Halfway through the battle there’s a lull in the fighting, when Voldemort calls a ceasefire to give them a chance to come to their senses and turn Harry over, as though any of them are that daft. Well, some of the Slytherins are, it turns out, but they’re locked in the dungeons now, so Dean reckons they don’t get a say.
The castle doesn’t go quiet, exactly; people are still hurrying about, assessing injuries and pulling the dead from the rubble and reinforcing their defenses as best they can. Dean’s hurrying about as well, doing what he can to help, and if he scans the crowd in the Great Hall every so often, it’s not because he’s looking for Seamus.
He’s not, because Seamus is busy being some kind of leader, and Dean never would have believed it until he saw it with his own eyes. Looks good on him, though, and once this is all finished, Dean might even tell him so. That is, if they both survive.
The thought has him looking again, scanning the sea of battered faces for a glimpse of his best mate, who he’s barely seen in a year, and who he knows he might never see again. The thought keeps making his stomach trip over itself, and Dean’s heart beats as though it’s sprouted Snitch’s wings when he spots Seamus in the middle of the crowd.
Before he can think about what he’s doing Dean’s moving forward, stepping over broken bits of stone and what he hopes isn’t the blood of someone he knows in order to reach Seamus, standing in the entrance to the Great Hall and looking more than a bit lost.
“Alright?” Dean asks when he reaches Seamus, and it’s not what he means at all, but somehow Seamus seems to know.
He nods and looks up at Dean, and for the first time Dean gets a proper look at the bruises on his face. He saw them earlier, in the Room of Requirement when Seamus grabbed him and hugged him tight and Dean half-hoped he’d never let go. But what he didn’t notice then – what he didn’t have time to see – were the layers of damage on Seamus’ face.
There are dark red and black bruises on the surface, only a day or two old, standing out bright and angry against his pale Irish skin. But underneath the fresh bruises there are others, blue and green, then yellow and fading, almost healed but not quite, and when Dean thinks what he must have gone through to collect them all, his stomach turns for a whole new reason.
Seamus’ lip is bleeding, split open at the bottom and trickling a little, and Dean doesn’t try to stop himself from reaching out to touch. “You’re bleeding, mate.”
As he says it Seamus’ tongue slides out to taste blood, the tip just catching the edge of Dean’s thumb. “It’s nothing. Bit of stone caught me when we blew up the bridge is all. I’ve had worse.”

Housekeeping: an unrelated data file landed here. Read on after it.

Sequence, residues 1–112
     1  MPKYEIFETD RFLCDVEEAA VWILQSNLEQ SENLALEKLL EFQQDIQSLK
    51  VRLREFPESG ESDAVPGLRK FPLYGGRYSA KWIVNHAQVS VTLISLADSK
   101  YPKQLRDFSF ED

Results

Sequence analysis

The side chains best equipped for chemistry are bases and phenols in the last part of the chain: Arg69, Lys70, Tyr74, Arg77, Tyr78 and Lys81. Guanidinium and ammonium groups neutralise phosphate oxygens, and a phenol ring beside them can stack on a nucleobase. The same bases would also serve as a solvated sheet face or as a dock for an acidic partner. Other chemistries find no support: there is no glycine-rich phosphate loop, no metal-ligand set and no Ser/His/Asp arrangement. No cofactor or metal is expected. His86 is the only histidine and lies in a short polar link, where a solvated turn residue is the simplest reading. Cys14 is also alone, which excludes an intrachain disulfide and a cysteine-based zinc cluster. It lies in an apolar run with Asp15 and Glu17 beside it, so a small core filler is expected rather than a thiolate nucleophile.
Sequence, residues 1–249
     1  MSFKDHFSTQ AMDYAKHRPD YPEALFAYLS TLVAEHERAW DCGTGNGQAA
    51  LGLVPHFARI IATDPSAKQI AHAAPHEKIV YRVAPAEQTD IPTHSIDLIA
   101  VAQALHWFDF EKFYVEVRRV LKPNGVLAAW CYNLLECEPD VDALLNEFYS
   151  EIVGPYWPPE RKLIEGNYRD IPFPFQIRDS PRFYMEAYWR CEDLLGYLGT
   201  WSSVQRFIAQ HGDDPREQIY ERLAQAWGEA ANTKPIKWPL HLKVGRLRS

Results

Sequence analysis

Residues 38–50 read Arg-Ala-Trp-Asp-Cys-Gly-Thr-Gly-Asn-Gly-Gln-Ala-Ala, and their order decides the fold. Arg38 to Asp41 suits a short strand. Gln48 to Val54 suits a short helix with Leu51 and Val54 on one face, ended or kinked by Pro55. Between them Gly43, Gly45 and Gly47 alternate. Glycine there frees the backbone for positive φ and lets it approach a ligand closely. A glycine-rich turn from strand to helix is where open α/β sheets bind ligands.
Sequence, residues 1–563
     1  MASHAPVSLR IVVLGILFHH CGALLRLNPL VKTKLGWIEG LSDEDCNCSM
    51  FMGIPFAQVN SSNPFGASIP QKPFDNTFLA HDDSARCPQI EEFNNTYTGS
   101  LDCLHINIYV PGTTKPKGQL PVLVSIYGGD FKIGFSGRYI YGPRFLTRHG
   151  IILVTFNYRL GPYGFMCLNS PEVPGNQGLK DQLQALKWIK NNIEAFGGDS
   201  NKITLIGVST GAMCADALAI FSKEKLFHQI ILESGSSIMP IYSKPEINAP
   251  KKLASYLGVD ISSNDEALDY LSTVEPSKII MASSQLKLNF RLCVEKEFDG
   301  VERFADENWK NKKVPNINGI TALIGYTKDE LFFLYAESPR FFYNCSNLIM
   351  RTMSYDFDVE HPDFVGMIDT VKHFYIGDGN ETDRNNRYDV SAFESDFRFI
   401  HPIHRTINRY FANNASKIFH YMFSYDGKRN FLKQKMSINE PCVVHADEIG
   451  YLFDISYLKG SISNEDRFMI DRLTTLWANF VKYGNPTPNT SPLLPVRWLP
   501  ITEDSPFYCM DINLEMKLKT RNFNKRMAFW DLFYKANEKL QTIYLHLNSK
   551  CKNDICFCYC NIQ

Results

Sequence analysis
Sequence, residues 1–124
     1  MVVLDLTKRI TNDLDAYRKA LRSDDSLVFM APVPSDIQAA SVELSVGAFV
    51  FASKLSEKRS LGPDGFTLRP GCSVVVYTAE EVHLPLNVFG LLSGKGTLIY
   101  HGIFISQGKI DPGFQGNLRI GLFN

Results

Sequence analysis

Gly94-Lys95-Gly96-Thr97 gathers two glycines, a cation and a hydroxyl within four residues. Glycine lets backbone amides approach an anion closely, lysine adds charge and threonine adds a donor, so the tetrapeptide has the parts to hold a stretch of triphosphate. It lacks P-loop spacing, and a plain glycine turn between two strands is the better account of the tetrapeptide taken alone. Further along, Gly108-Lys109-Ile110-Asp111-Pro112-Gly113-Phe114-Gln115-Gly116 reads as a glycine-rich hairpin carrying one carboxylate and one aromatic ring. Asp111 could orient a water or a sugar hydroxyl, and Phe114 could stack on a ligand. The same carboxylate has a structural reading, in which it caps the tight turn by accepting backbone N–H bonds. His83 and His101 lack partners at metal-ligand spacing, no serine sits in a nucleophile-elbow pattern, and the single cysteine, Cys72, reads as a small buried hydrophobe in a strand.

That much is obvious, Dean wants to say. He’s still touching Seamus’ face, fingers tracing a dark purple bruise right at the edge of his cheekbone. It’s made the freckles on that side all but disappear, and Dean swallows a wounded sound and lets his hand slide down to cover the fading bruise on the side of Seamus’ neck.
He doesn’t have the right to be touching Seamus this way, best mates or no, but Dean can’t seem to stop himself now he’s started. He can’t stop his fingers from tracing each mark, memorizing the color of each one and the way they make Seamus seem older, somehow – harder – than the last time Dean saw him.
They’re still standing just outside the entrance to the Great Hall, where anyone can look up and see him tracing the marks on Seamus’ face. But no one’s paying them any mind, because there’s less than an hour now until the battle begins all over again, and they don’t even have the time for this.
A hand comes up to catch his, and when Seamus curves his fingers around Dean’s and pulls them away from his face, Dean looks down to see that Seamus’ knuckles are marked too. There’s blood on them, and when Dean pulls their hands up to look he can see the tooth marks. His first thought is Greyback, whole body filling with dread, and Seamus must notice, because he shakes his head and squeezes Dean’s hand a bit more tightly.
“Disarmed a Snatcher, so he bit me like it was a bloody Muggle duel,” Seamus says, and he’s smiling as though he thinks it’s a laugh.
Dean nods a bit stupidly, still holding onto Seamus’ hand as though there’s not a battle being mounted around them. Then Seamus is tugging on his fingers and Dean knows he’s about to let go, braces himself for it and tells himself it’s for the best. Instead Seamus lets out the soft laugh Dean never thought he’d hear again, then he tightens his grip to drag Dean away from the crowd of people and duck behind a statue that Dean’s fairly sure until recently still had a head.
There’s a lot they both need to say, but there’s no time for any of it. There’s no time at all, because Seamus is important to the battle, and Dean’s not planning to let him fight alone. So he doesn’t argue when Seamus skips the talking in favor of dragging him forward, hand on the back of his neck and pushing up to kiss Dean hard. It’s fierce and messy and tastes of blood, it’s over far too soon and it’s all Dean can do not to drag him back for more.
“Mate, when this is over…”
“Yeah,” Dean interrupts, because there’s still no time, and anyway he already knows what Seamus is going to say. His thumb slides across the bruise just under Seamus’ left eye, and he thinks about how he’d like to paint Seamus like this. “Don’t you dare go getting yourself killed.”
“I won’t if you won’t,” Seamus answers, and when he grins at Dean the marks on his face don’t look quite so hard. A second later someone’s shouting his name and he’s gone, leaving Dean to lean against the half-ruined statue and wonder just how many new bruises Seamus will have when this is all over, and all the time Dean’s planning to spend tracing each one.